How the pricing questions were rank ordered?

Here is how the rank ordering of the pricing questions came about. The final ranking is based on  the total score which is a weighted calculation of how the individual questions were ranked by each respondent.  So if more people ranked “What is product” as first question it will have higher weight and hence higher total score.

Question Total Score
Overall Rank
What is the product? 258 1
Who are the customers? 249 2
What is its value proposition? 238 3
What is the buying context? 211 4
What is my positioning? 191 5
How do customers make buying decisions? 186 6
What are its competition? 177 7
What are the alternatives and customer reference price? 173 8
How will I reach these customers? 171 9
What product features are relevant to different segments? 170 10
What does is cost to make it? 140 11
Do I capture value upfront or over a period (subscription)? 106 12
How many versions should we offer? 102 13
How will customers pay for this product? 101 14
Will the sales team (if you have one) accept the pricing? 46 15
Should the price end in 9? 44 16

But what does this rank order mean?

Do you start with product, then move to customer etc. down the ranks?

4 thoughts on “How the pricing questions were rank ordered?

  1. Chris
    You hit all the correct points.
    That is what happens when we look at averages – they are meaningless, especially to execute strategy.
    Next up I will show the two distinct paths that emerged from the responses.


  2. But what does this rank order mean?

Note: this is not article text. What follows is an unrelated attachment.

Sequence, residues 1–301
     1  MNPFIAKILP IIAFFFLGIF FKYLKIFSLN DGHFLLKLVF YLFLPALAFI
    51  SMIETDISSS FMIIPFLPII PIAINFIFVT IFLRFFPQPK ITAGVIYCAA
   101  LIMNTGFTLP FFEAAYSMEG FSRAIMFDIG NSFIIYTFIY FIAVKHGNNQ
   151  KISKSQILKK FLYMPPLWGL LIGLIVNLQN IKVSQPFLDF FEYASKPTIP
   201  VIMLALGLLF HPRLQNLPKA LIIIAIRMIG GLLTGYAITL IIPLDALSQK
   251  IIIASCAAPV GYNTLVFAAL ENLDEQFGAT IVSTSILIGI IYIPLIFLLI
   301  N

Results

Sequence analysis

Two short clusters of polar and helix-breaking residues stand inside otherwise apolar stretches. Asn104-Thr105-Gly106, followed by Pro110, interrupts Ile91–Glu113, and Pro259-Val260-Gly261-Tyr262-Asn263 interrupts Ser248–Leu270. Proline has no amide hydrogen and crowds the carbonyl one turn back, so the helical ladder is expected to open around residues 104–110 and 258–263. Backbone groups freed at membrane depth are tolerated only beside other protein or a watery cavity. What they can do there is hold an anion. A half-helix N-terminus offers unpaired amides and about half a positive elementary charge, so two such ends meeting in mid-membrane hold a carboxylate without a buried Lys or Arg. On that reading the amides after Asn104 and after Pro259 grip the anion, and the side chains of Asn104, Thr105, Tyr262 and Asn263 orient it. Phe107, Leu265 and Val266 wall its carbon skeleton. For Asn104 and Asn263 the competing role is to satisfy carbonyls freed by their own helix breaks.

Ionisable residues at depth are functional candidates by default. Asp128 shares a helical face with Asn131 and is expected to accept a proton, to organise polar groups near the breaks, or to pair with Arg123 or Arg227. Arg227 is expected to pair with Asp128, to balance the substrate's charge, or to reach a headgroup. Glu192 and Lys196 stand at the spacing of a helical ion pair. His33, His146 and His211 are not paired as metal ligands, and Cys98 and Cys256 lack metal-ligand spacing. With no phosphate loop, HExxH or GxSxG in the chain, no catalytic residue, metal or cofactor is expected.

>>CH>> It means just that, of the respondents who ordered the questions . . . if you add them up as you have . . . this is what you get.

    Do you start with product, then move to customer etc. down the ranks?
    >>CH>> I think this may be useful to consider better ways to craft and prioritize the right questions to focus one’s time on answering first . . then based on the answer one would branch off to a relevant question based on that . . . a decision tree in a sense.
    >>CH>> There are likely two potential starting points which result in two separate trees (that may weave together at a common point, at some point). **One starting point example — I conceive a product/service/solution and ask: Who would value (benefit from) the outcomes this product/service/solution will produce (i.e., Who are the customers?). **The other starting point example — I identify a problem that is a barrier to a valuable or more valuable outcome . . . or an opportunity for a more valuable (beneficial) outcome . . . and ask: Can I create (or does there already exist) a product/service/solution to produce such outcome (i.e. – What is the product?).
    >>CH>> More I could say . . . just thought I’d start there.


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